Platte River Waterfowl Habitat Protected

Kleager conservation easement

Ducks Unlimited has permanently protected more than 400 acres of important waterfowl habitat, including almost 1 mile of Platte River wetlands, thanks to the generosity of Lou and Carmen Kleager from Scottsbluff. Three years ago, the Kleagers first approached DU about the concept of permanently protecting their Scotts Bluff County property with a conservation easement. The property includes a mix of Platte River wetlands, forested riparian habitat, native grassland and irrigated cropland.

Located only a few miles outside of Scottsbluff, a real threat exists that the property could be converted in the future to other uses not so friendly to the diverse mix of wildlife that inhabit the site, including thousands of waterfowl that stop here each spring and fall. Lou and Carmen were determined this wildlife resource should forever enable future generations the opportunity to enjoy the same benefits they have received from this wonderful habitat. After three years of careful planning and preparation, Ducks Unlimited will hold the easement and be responsible for ensuring the important natural resources on this property will be protected forever.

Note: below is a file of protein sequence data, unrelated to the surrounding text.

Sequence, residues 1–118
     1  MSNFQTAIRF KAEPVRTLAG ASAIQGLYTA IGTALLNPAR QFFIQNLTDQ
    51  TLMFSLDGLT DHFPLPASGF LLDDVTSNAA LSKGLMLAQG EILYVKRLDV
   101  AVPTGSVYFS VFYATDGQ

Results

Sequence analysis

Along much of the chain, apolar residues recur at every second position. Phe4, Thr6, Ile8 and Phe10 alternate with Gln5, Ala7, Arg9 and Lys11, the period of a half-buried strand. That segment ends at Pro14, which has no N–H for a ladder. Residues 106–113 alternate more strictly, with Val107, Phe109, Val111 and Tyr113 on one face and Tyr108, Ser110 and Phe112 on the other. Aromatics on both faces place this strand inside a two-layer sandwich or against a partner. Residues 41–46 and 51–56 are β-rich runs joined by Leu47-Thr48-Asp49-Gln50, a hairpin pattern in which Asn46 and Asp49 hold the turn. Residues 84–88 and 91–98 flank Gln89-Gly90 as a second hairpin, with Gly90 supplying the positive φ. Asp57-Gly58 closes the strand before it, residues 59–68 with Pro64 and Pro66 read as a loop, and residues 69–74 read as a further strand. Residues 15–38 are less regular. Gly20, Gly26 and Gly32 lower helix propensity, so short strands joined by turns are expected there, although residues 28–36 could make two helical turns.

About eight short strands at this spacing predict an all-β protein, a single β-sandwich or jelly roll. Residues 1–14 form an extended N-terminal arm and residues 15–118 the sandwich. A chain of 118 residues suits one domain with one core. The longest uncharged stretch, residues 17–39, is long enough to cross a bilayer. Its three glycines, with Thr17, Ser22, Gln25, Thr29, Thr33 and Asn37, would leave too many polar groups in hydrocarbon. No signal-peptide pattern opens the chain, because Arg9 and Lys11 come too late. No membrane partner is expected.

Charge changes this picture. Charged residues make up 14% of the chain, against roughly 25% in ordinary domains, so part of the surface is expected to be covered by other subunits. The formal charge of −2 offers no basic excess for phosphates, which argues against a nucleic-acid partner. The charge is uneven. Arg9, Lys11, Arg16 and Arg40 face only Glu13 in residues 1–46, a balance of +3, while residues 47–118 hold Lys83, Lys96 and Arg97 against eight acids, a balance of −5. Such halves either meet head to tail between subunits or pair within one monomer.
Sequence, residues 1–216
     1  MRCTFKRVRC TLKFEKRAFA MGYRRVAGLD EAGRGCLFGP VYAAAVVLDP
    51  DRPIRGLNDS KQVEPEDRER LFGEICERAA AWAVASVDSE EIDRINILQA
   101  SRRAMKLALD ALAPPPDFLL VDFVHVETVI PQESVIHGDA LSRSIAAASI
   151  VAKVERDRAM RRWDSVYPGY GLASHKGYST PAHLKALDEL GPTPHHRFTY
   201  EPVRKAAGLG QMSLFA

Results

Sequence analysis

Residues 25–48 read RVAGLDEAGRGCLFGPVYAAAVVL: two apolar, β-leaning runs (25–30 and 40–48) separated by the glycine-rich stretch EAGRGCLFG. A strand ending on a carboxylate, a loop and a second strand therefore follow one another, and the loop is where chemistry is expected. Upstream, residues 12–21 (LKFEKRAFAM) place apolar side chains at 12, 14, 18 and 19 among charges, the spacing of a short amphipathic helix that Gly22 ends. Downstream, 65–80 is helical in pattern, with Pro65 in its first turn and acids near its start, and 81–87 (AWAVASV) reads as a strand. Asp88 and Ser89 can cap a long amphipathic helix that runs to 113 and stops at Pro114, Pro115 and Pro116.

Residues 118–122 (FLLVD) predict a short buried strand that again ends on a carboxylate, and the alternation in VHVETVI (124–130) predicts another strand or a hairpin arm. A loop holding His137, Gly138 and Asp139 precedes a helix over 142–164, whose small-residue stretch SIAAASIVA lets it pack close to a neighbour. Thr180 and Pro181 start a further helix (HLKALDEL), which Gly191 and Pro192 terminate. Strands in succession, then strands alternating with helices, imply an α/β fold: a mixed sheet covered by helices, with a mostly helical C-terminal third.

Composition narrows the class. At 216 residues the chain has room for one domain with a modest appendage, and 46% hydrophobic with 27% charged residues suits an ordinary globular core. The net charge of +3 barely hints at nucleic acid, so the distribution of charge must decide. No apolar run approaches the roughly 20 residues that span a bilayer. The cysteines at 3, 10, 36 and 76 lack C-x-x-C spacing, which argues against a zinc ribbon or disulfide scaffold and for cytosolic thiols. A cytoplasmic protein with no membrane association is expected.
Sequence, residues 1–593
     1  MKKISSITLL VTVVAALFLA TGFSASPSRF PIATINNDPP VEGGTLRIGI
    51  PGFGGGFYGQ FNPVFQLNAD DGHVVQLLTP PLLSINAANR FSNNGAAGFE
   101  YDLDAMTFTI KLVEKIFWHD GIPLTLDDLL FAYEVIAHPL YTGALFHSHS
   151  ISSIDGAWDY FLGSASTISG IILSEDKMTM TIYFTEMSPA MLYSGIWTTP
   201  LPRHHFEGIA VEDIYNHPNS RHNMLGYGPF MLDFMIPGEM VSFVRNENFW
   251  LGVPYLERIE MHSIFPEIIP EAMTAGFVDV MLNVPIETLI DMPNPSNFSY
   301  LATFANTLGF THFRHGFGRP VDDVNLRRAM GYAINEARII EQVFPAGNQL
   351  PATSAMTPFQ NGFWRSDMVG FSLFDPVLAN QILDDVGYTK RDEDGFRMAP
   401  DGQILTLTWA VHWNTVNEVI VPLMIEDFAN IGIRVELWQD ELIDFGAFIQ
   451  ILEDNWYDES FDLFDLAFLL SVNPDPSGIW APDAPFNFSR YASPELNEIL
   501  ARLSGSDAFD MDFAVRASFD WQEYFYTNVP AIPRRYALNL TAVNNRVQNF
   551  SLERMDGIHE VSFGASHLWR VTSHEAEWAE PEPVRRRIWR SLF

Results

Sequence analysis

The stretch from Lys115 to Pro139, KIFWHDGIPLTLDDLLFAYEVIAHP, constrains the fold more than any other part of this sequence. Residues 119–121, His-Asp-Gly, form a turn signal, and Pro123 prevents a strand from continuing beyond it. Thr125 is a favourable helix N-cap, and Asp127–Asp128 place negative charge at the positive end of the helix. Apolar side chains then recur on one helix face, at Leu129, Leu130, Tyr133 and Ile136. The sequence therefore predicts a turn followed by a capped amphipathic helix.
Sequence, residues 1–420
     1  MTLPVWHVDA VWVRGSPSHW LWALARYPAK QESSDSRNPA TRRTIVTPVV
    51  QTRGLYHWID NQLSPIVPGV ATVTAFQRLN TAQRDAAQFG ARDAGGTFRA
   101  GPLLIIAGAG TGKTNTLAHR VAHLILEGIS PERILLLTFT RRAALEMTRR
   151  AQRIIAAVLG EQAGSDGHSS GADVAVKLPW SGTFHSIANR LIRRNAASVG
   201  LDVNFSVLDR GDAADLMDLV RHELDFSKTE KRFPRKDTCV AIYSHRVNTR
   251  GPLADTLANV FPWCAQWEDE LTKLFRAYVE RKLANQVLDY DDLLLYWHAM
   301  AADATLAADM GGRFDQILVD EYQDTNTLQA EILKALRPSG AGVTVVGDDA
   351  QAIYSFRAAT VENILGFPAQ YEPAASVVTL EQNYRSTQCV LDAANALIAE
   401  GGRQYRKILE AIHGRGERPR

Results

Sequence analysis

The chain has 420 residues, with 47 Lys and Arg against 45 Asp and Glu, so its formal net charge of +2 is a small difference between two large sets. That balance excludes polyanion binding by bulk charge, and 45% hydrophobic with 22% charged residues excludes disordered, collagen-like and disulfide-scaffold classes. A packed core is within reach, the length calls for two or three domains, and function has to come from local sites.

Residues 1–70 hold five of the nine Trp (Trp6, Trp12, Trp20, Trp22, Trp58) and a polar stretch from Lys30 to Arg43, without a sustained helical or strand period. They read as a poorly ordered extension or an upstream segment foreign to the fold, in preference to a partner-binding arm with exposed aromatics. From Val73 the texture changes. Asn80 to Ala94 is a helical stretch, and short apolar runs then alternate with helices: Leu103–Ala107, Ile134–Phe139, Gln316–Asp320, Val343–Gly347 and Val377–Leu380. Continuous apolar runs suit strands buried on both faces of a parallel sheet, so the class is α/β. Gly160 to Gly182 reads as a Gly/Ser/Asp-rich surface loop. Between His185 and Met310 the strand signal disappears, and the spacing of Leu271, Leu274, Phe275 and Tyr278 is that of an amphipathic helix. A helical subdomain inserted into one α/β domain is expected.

"This is a good deal for everyone involved," Lou Kleager said.

Jonas Davis, DU's regional biologist in Nebraska, couldn't agree more. "Conservation easements are the most important tool available to us that will permanently protect important waterfowl habitat along the Platte River," Davis said. "Without passionate, conservation-minded landowners like the Kleagers, we could not accomplish our habitat goals on the Platte River."

DU biologists and engineers are also working with the Kleagers on a wetland enhancement plan to further improve and expand the existing waterfowl habitat on the property.

Conservation easements are an important tool used by DU to protect waterfowl habitat along the Platte River and in other important landscapes around the country. Donated conservation easements offer landowners the ability to protect natural resources on their properties and provide certain tax benefits in many instances. Through conservation easements, DU has now protected over 4,600 acres of habitat along the Platte River in Nebraska alone.